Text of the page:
Symonator and Some Pin Logic


KIMG0632

So this is Symonator, my homage to the classic Simon repeating game. You’ll notice there are 16 buttons. This leads to an interesting question: How does one quickly read the status of 16 buttons and compare it to a required pattern, especially when that pattern may require more than one button to be pushed at a single point in time?

Note that for this discussion, I’m assuming you’re familiar with Arduino and how to read the status of an input pin via digitalRead. Although I’m using the Arduino IDE for the ATMega2560 that drives this game, I use the port register directly to read the status of the pins. For the Symonator, the buttons are all connected to PORTA and PORTC. A is used for buttons 1-8 with C being connected to 9-16.

By reading the byte value associated with the port, I can get the status of all 8 buttons at once. The input pins are all set with their internal pull-up resistors on, and the buttons pull those inputs to ground. So, if no buttons for PORTA are pressed, the byte value of the port will be:

PINA = 11111111

If the 2nd button is pressed, the byte value of the port would be:

PINA = 11111101

We can do this because PINA is a reserved word that returns the status of the 8 inputs pins for that port in the form of byte. Each pin is a bit in that byte, with 1 being high and 0 being low. Thus, all pins being high would yield a byte value of 255. All pins being low would return 0. The 2nd pin (bit 1) being low would return 253 (11111101). Remember that bits are numbered starting with 0, i.e. for 8 buttons, we have bits 0 – 7.

So, how do we compare this to a required pattern? Well, first, the pattern is randomly generated during game preparation. It’s held in an array of bytes. If a button is required to be pressed at a particular point in the array, its bit value for that byte is set to 0. So, for example, if button 4 (bit 3) is required, the byte is 11111011 (byte = 251). I used two arrays of bytes to keep track of this (one for buttons 1-8, another for 9-16), but for purposes of discussion, let’s just look at one.

Let’s suppose that for a certain point in the pattern the player is supposed to repeat, the player is required to press the 3rd button (2nd bit). The required byte would look like:

required_byte = 11111011;

Remember, since the buttons pull the pins low, we see a 0 when the button is pressed. Now, we can obviously check for a correct button push by comparing the port byte for the buttons to the required pattern:

if (required_byte == PINA) { correct_flag = true;}

Now, let’s compare these two by looking at the bits of the bytes:

PINA          11111011 (3rd button pressed)
required_byte 11111011 (3rd button required)

These obviously match up, so the player pressed the correct button. If, instead, we had:

PINA          11111101 (2nd button pressed)
required_byte 11111011 (3rd button required)

This would not match up, and the player pressed the wrong button.

So, by simply reading two port registers (after some debouncing), I can quickly determine the status of all buttons and compare that to a required pattern.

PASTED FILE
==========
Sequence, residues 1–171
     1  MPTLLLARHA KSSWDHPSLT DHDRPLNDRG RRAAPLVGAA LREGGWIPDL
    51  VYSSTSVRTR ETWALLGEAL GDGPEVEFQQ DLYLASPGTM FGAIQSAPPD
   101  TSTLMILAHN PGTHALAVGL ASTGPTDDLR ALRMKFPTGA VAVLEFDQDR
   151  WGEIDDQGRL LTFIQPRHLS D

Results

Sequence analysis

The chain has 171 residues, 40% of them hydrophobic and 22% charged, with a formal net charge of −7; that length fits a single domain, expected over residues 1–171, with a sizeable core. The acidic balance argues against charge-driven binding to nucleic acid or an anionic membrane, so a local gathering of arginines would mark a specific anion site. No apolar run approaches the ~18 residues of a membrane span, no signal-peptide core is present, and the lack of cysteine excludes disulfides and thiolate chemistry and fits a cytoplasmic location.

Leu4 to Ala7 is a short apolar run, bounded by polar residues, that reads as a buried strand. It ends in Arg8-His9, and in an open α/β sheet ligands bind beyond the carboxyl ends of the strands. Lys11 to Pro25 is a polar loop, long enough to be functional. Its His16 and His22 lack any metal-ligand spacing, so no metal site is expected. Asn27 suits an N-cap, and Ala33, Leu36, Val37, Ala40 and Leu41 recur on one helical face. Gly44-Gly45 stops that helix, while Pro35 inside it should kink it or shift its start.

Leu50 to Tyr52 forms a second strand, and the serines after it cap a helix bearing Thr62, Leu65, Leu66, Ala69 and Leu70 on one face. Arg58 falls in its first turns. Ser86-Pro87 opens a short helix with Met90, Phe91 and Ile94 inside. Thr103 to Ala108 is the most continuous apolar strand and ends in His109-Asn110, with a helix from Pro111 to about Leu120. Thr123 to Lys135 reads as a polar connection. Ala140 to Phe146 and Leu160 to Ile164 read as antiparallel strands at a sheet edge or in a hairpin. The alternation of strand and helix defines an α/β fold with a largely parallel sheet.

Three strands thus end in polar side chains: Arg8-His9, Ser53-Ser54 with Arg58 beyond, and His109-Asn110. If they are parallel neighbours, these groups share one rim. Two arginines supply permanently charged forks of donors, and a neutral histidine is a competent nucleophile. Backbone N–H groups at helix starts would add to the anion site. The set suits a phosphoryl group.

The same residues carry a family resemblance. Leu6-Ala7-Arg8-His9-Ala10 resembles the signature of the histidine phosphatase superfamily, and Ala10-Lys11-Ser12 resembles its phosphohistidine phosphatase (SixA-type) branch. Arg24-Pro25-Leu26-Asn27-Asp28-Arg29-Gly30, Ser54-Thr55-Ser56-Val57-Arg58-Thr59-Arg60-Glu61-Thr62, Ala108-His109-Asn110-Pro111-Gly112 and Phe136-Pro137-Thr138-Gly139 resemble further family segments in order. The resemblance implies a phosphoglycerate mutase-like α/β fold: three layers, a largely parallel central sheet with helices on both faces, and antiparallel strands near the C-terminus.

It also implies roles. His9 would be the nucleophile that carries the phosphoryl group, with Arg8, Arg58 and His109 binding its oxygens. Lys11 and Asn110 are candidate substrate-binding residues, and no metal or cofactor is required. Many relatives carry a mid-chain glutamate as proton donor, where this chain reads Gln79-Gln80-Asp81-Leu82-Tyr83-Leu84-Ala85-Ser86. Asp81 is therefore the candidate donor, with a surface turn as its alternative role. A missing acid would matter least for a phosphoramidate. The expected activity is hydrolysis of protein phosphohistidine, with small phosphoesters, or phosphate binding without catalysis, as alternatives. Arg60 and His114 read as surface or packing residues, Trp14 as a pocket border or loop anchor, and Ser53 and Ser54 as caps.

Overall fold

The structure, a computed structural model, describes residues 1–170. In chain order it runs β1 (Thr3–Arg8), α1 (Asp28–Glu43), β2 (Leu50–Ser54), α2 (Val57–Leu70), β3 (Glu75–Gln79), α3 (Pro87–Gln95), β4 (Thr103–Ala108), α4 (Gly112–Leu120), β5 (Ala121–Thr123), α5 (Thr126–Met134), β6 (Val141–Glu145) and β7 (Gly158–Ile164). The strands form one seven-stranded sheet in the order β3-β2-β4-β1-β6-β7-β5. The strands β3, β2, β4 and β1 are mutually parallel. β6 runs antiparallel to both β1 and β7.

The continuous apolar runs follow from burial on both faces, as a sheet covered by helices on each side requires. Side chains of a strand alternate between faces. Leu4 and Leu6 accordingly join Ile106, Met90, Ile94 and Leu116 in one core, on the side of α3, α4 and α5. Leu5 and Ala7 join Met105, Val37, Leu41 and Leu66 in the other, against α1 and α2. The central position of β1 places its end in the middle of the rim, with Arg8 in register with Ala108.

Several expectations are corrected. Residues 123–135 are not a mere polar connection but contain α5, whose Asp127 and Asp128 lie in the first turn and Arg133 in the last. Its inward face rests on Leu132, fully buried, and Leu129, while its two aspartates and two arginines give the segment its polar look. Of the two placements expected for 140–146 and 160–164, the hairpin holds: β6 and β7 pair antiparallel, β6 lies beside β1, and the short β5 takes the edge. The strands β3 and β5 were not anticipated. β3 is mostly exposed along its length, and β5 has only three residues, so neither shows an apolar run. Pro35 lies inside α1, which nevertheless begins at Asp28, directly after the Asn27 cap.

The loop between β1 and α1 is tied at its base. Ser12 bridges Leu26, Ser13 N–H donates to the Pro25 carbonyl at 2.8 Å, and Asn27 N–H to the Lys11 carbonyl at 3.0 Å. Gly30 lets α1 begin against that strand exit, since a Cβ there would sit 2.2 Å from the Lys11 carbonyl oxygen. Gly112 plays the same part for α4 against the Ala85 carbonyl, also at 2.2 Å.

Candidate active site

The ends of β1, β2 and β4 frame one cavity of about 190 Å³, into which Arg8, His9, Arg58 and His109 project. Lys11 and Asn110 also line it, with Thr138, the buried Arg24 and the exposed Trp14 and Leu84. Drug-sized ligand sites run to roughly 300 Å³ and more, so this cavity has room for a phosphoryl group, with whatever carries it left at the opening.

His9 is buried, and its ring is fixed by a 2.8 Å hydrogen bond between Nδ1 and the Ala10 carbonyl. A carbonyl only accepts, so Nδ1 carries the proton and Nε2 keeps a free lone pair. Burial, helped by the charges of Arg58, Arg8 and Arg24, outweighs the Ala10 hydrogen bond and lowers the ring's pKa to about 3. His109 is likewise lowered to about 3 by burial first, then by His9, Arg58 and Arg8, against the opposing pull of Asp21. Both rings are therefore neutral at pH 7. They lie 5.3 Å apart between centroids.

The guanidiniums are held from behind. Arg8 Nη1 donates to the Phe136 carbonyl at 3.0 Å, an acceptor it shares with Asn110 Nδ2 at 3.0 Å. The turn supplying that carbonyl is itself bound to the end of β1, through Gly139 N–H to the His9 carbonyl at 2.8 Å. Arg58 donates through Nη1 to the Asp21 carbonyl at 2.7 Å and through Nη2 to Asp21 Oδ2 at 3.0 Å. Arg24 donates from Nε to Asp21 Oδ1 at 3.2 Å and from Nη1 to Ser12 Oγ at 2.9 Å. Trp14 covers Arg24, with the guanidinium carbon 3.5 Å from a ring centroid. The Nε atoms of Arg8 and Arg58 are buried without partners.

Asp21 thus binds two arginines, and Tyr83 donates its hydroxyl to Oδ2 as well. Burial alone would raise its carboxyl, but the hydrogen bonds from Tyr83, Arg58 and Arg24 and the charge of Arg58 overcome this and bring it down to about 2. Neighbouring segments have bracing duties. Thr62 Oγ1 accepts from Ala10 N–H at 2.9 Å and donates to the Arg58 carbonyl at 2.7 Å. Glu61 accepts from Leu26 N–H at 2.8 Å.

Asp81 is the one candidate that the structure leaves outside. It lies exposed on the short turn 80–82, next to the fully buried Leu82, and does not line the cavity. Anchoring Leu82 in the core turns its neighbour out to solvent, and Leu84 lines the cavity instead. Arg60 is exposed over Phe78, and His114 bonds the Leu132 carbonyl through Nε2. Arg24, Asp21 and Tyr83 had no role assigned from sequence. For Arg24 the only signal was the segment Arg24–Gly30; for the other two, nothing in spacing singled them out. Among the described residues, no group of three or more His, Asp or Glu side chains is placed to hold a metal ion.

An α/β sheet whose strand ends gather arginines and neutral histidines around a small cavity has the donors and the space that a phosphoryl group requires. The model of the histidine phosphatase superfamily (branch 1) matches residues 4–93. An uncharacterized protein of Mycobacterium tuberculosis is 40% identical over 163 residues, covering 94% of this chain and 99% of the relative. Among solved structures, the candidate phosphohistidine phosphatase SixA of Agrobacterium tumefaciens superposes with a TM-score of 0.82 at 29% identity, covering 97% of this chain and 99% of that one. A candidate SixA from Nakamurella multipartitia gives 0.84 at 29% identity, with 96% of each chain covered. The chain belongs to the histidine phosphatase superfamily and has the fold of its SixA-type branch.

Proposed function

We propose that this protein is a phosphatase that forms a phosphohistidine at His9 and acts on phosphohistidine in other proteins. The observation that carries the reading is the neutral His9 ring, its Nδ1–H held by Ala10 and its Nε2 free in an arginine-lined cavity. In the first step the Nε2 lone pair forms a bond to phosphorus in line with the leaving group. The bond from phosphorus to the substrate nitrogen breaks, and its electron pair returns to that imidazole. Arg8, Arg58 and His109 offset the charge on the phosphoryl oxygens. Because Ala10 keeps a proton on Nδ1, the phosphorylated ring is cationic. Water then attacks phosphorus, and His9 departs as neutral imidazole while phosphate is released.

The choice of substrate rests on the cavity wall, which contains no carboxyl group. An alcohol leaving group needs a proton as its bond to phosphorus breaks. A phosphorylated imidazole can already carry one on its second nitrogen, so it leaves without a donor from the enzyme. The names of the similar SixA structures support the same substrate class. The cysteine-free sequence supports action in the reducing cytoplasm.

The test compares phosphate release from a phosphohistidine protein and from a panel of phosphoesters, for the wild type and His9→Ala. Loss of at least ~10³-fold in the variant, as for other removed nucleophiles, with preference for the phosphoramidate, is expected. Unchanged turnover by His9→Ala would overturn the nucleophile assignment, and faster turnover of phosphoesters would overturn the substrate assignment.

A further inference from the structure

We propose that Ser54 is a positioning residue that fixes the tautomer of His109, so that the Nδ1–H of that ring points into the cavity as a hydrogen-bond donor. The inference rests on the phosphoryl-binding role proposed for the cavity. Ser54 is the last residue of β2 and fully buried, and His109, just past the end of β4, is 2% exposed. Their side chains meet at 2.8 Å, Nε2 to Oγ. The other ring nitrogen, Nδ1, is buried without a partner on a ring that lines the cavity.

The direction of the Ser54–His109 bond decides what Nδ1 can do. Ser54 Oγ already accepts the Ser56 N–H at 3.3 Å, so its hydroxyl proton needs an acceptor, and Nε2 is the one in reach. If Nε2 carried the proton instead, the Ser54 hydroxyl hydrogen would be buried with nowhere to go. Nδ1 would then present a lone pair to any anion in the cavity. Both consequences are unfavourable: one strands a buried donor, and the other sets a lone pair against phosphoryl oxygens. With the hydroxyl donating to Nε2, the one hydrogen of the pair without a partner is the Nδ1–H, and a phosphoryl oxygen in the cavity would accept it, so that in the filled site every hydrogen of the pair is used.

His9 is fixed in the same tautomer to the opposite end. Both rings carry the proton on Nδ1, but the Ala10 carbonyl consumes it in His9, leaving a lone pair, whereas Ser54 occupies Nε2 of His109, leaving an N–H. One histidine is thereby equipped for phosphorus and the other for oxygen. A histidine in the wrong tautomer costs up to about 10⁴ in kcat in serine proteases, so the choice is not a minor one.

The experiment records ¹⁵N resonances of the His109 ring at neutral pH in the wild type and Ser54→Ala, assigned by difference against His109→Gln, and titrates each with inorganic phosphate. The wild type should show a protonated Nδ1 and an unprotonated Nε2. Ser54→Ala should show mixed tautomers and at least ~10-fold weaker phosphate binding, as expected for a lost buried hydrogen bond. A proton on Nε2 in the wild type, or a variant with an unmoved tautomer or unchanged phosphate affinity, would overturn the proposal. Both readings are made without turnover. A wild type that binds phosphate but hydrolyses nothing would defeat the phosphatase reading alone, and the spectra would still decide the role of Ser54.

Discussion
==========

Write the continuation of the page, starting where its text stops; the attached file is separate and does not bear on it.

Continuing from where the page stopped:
But what if two or more buttons are required for multiple players? What if only one of the correct buttons has been pressed? I can’t compare the bytes because they would not be equal…..but how do I determine if only one of the two or more correct buttons has been pressed? I want to accept “partially” correct patterns until the full pattern is provided with the correct button push while not accepting an incorrect button. To do this, I use some bitwise operations and logic.

First, let’s assume the required pattern is:

required_byte = 11110110 (the correct pattern requires the 1st and 4th button)

And let’s suppose only button #1 has been pressed. This means that the port byte is:

PINA = 11111110

To check this but not fail the test, we first AND the required pattern and PINA:

PINA          11111110
required_byte 11110110
AND of both   11110110

Note that ANDing PINA and the required pattern yields…..the required pattern. Any unpressed “correct” button does not penalize the player (as long as the player hasn’t run out of time). As long as the required pattern is equal to the result of AND of both the port byte and the required pattern, play continues. In code, it looks something like:

if ((PINA & required_byte) == required_byte) { // keep checking for proper pattern }

But what if a wrong button was pushed? This will catch that:

PINA          11011110 (buttons 1 and 6 pressed)
required-byte 11110110 (buttons 1 and 4 required)
AND of both   11010110 (not equal to the required_byte)

As you can see, the AND result is NOT equal to required_byte. A wrong button has been pushed.

This works for multiple ports as long as I keep the pattern order sorted out. Reading ports and doing logic like this is very fast in Arduino compared to individually reading all the pins and doing a step-by-step comparison. It also permits cleaner, simpler code. (And my code is ugly enough to begin with.)

So there you have it. How to quickly compare 16 button positions to a required pattern while playing Symonator.

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